The Welsh economy is the fastest growing by region in the UK after the southeast and the northeast of England - but also the poorest per head, according to figures from the Office for National Statistics.
Figures based on the Gross Value Added (GVA) measure, which weighs the increase in the value of an economy on the production of goods and services, showed that the economy in Wales was growing faster than that of most other regions in the UK.
GVA is measured at current basic prices and includes inflation but excludes taxes such as value added tax.
GVA growth per head in Wales in 2012 was 1.6%, said the ONS, behind the southeast of England's 2.5% and the northeast of England's 1.7%.
The Secretary of State for Wales David Jones said that the figures were evidence that chancellor George Osborne's efforts to rebalance the British economy were working.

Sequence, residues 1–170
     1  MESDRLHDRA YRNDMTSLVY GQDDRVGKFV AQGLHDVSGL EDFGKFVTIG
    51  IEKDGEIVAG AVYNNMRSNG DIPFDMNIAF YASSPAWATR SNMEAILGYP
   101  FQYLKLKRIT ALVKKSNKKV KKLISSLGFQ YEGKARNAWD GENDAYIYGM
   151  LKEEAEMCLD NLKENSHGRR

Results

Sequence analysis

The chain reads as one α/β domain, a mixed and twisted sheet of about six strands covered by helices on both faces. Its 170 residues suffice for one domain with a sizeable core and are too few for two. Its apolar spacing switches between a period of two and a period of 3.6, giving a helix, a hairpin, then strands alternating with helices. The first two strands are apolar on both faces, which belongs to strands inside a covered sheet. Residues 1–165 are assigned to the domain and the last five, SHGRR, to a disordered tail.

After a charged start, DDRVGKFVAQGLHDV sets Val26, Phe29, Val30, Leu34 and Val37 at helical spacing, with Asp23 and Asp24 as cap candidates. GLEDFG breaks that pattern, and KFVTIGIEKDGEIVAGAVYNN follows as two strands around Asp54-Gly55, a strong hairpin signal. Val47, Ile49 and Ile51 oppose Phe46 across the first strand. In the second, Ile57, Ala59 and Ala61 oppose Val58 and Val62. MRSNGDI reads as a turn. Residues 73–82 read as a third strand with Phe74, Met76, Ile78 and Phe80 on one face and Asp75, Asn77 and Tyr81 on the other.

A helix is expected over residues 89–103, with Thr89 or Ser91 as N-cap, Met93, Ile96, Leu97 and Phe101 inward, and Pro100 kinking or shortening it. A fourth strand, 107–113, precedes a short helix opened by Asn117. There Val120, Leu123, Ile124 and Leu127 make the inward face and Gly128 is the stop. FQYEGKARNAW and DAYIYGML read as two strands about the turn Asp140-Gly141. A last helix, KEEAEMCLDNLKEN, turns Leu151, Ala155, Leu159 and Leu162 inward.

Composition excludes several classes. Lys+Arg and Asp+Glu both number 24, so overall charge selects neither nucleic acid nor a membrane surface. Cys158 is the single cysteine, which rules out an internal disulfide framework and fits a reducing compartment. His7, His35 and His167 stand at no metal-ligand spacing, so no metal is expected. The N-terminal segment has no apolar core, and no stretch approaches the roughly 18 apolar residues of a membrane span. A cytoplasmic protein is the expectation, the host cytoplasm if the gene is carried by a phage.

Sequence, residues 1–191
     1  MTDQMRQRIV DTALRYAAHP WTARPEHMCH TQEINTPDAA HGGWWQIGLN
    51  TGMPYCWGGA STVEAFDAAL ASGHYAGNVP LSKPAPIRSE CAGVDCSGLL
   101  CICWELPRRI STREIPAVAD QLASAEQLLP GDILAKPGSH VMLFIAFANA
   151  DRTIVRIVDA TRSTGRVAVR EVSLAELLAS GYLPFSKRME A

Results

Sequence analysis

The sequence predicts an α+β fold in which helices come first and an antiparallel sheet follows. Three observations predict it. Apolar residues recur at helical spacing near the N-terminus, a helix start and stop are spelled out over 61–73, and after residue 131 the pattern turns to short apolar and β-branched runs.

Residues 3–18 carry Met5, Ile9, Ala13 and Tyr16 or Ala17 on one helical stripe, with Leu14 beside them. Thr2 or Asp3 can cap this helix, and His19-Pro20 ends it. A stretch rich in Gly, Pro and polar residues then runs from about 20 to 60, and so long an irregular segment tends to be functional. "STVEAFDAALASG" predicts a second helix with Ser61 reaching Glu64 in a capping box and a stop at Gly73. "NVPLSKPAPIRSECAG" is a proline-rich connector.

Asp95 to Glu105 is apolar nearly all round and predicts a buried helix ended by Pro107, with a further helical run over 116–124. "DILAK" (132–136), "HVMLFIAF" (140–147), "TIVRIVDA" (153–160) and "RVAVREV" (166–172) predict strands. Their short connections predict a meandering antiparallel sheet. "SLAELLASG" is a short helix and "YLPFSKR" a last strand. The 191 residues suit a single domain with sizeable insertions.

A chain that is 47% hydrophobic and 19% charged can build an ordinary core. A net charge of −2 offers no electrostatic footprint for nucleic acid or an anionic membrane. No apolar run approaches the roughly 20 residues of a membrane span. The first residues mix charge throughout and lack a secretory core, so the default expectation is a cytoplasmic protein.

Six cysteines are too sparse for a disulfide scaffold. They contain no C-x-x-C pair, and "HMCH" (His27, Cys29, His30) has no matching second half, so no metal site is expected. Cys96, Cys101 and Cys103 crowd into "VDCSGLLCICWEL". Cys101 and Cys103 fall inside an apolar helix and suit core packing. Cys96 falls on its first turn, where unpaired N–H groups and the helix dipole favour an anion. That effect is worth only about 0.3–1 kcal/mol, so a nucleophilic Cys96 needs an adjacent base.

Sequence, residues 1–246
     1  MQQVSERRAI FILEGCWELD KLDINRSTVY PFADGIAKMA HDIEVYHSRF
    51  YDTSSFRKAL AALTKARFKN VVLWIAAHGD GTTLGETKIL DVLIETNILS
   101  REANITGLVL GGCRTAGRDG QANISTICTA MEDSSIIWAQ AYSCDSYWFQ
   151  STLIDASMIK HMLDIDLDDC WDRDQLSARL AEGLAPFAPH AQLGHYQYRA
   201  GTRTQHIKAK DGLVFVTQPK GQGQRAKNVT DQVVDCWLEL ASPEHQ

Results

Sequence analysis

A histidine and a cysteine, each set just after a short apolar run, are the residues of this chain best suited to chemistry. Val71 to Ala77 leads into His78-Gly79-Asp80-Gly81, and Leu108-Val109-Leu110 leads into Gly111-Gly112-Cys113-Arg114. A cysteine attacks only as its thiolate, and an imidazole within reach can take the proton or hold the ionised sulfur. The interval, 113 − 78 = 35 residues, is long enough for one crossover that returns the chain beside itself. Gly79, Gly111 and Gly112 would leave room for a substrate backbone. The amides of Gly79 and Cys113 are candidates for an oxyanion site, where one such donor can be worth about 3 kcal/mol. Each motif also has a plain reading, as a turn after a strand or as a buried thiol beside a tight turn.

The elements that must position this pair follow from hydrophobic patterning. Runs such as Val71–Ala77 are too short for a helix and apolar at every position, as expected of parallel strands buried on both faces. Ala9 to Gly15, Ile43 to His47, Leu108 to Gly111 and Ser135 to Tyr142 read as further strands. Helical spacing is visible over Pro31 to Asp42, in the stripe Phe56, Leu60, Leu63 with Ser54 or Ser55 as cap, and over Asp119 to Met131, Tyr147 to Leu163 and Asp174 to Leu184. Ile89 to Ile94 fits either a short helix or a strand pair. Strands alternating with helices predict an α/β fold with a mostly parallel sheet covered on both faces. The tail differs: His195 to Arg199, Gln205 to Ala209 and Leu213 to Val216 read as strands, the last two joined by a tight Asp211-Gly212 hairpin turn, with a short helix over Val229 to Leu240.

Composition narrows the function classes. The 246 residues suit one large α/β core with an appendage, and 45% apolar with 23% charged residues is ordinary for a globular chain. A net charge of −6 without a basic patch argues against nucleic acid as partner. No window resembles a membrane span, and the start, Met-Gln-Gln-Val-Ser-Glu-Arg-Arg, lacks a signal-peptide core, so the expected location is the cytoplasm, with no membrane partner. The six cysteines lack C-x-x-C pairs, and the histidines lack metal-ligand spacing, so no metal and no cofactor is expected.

"The GVA figures show that our efforts to rebalance the UK economy are bearing fruit and that Wales is benefiting from this government's economic policies," he said.
"It is encouraging that over the last year the gap in GVA per head in Wales has narrowed in comparison to the UK average."
However, the figures also revealed a bleaker picture of Wales compared to more prosperous parts of the UK.
In 2012, Wales had the lowest GVA per head of just £15,401 (€18,278, $25,240) while London had the largest at £37,232.
Similarly, the figures showed that Wales experienced a steep decline in what manufacturing contributed to its economy as a region from 1997 to 2011.
In 1997, manufacturing as a share of total GVA in Wales was 25.3%. By 2011 it was 16.8%.
Jones acknowledged that there was still work for the government to do but Osborne's Autumn Statement was focused on doing the right thing for Welsh economy, he added.
"Wales does continue to have the lowest GVA in UK, and has held that unenviable position for well over a decade. All our efforts - both within the UK and Welsh governments - must be focused on changing that."